With less than three months of the country’s grape season left, the focus is now firmly on the mid- and late-season regions of the Western Cape
After a difficult start South Africa’s table grape season is now in full swing, with growers in the mid- and late-season areas expected to meet or exceed targets.
This marks a recovery after disappointing volumes in three early regions during the first months of the season.
South Africa’s Table Grape industry body, SATI, said that table grape growers were expected to deliver peak volumes over the next few weeks as various cultivars ripen. It is clear however that the trend towards a lower crop is continuing.
Two early regions have completed packing and in the northern regions things have gone slightly better than previously predicted with 5.5m cartons delivered for export.
In the Orange River, South Africa’s biggest early table grape region, 16.3m cartons were delivered for inspection, 2 per cent higher than the original estimate.
Significantly, though, export volumes have dropped by 27 per cent in this region compared with last year.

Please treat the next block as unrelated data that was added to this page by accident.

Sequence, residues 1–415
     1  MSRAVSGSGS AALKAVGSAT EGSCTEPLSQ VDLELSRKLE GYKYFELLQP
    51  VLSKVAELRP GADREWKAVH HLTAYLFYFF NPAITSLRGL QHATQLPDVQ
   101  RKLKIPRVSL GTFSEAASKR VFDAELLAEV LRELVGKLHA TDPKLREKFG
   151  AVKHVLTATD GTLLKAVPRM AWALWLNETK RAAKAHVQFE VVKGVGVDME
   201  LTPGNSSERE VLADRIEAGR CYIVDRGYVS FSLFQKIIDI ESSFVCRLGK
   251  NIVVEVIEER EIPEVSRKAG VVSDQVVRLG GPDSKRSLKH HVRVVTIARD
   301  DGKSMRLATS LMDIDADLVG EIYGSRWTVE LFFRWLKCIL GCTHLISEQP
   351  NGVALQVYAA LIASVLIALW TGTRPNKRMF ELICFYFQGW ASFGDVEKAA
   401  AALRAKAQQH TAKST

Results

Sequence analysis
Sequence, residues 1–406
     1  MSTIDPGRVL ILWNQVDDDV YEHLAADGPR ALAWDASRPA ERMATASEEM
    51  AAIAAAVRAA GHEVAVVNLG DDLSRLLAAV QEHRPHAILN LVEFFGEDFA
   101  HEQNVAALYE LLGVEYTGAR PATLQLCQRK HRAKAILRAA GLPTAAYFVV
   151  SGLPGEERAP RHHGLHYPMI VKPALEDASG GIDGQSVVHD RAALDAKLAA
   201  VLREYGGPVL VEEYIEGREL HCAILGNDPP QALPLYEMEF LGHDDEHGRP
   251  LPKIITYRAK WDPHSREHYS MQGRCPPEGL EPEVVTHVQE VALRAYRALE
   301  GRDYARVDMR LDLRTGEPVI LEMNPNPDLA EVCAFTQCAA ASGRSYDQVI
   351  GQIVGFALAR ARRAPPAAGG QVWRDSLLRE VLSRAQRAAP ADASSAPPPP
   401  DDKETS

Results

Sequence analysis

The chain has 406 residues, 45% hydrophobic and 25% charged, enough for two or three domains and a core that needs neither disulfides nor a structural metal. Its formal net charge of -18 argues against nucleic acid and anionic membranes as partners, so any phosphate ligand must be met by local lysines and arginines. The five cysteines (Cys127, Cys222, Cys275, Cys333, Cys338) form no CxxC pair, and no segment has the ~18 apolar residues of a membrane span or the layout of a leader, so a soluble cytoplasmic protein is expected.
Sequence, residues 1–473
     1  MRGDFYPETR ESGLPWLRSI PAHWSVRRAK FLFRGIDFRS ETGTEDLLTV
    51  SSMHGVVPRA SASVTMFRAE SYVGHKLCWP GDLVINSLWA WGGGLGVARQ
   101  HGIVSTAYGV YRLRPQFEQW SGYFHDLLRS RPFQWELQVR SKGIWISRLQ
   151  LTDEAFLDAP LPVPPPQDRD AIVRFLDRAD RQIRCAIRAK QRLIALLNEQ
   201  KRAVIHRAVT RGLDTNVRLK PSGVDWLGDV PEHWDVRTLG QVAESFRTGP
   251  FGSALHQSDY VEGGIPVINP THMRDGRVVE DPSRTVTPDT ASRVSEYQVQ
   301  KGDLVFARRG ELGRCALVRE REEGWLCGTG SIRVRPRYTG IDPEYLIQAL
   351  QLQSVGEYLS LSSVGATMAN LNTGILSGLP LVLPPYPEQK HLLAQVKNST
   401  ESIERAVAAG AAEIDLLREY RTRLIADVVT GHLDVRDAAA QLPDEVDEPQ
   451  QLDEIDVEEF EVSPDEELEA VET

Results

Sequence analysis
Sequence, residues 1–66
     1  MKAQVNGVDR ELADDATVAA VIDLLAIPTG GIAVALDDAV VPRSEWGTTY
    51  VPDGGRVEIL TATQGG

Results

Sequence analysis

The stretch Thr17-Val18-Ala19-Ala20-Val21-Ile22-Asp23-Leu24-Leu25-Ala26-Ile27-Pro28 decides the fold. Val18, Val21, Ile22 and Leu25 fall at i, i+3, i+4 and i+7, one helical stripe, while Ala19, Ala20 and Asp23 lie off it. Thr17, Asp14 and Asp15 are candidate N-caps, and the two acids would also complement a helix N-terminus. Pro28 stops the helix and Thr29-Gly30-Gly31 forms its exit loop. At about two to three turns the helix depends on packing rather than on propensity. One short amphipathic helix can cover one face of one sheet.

The harvesting season is now focused on the mid-season Berg River Valley and the late season Hex River in the Western Cape.
SATI said that good weather had been experienced in both regions. The Berg River is expected to pack just short of 20m cartons, while the Hex River now forecasts a 24m carton crop. The South African season will conclude in April.
With a considerable number of industry representatives heading for Europe this week, SATI said a clear picture of arrival condition of grapes previously shipped would emerge.
SATI noted that the current electricity supply problems in South Africa and the use of load shedding to manage supply, remained a challenge for the industry and country.
A ministerial task team has been appointed to investigate potential solutions. “To better understand the industry’s situation, two surveys have been circulated amongst growers during the past week,” SATI said.
During the past week load shedding reached level six, which means that supply is disrupted for more than ten hours a day.
SATI said it was partaking in weekly industry forums discussing various factors including load shedding and would continue to inform growers accordingly.
“Liaison with the network supplier, Eskom, to explore load curtailment efforts are ongoing,” SATI stated. ”Progress has been made in two table grape growing regions, with Hexkoel, the central cold storage complex in the Hex River Valley granted the opportunity to introduce load curtailment during certain time frames and a one-month curtailment pilot project approved in the Berg River Region.”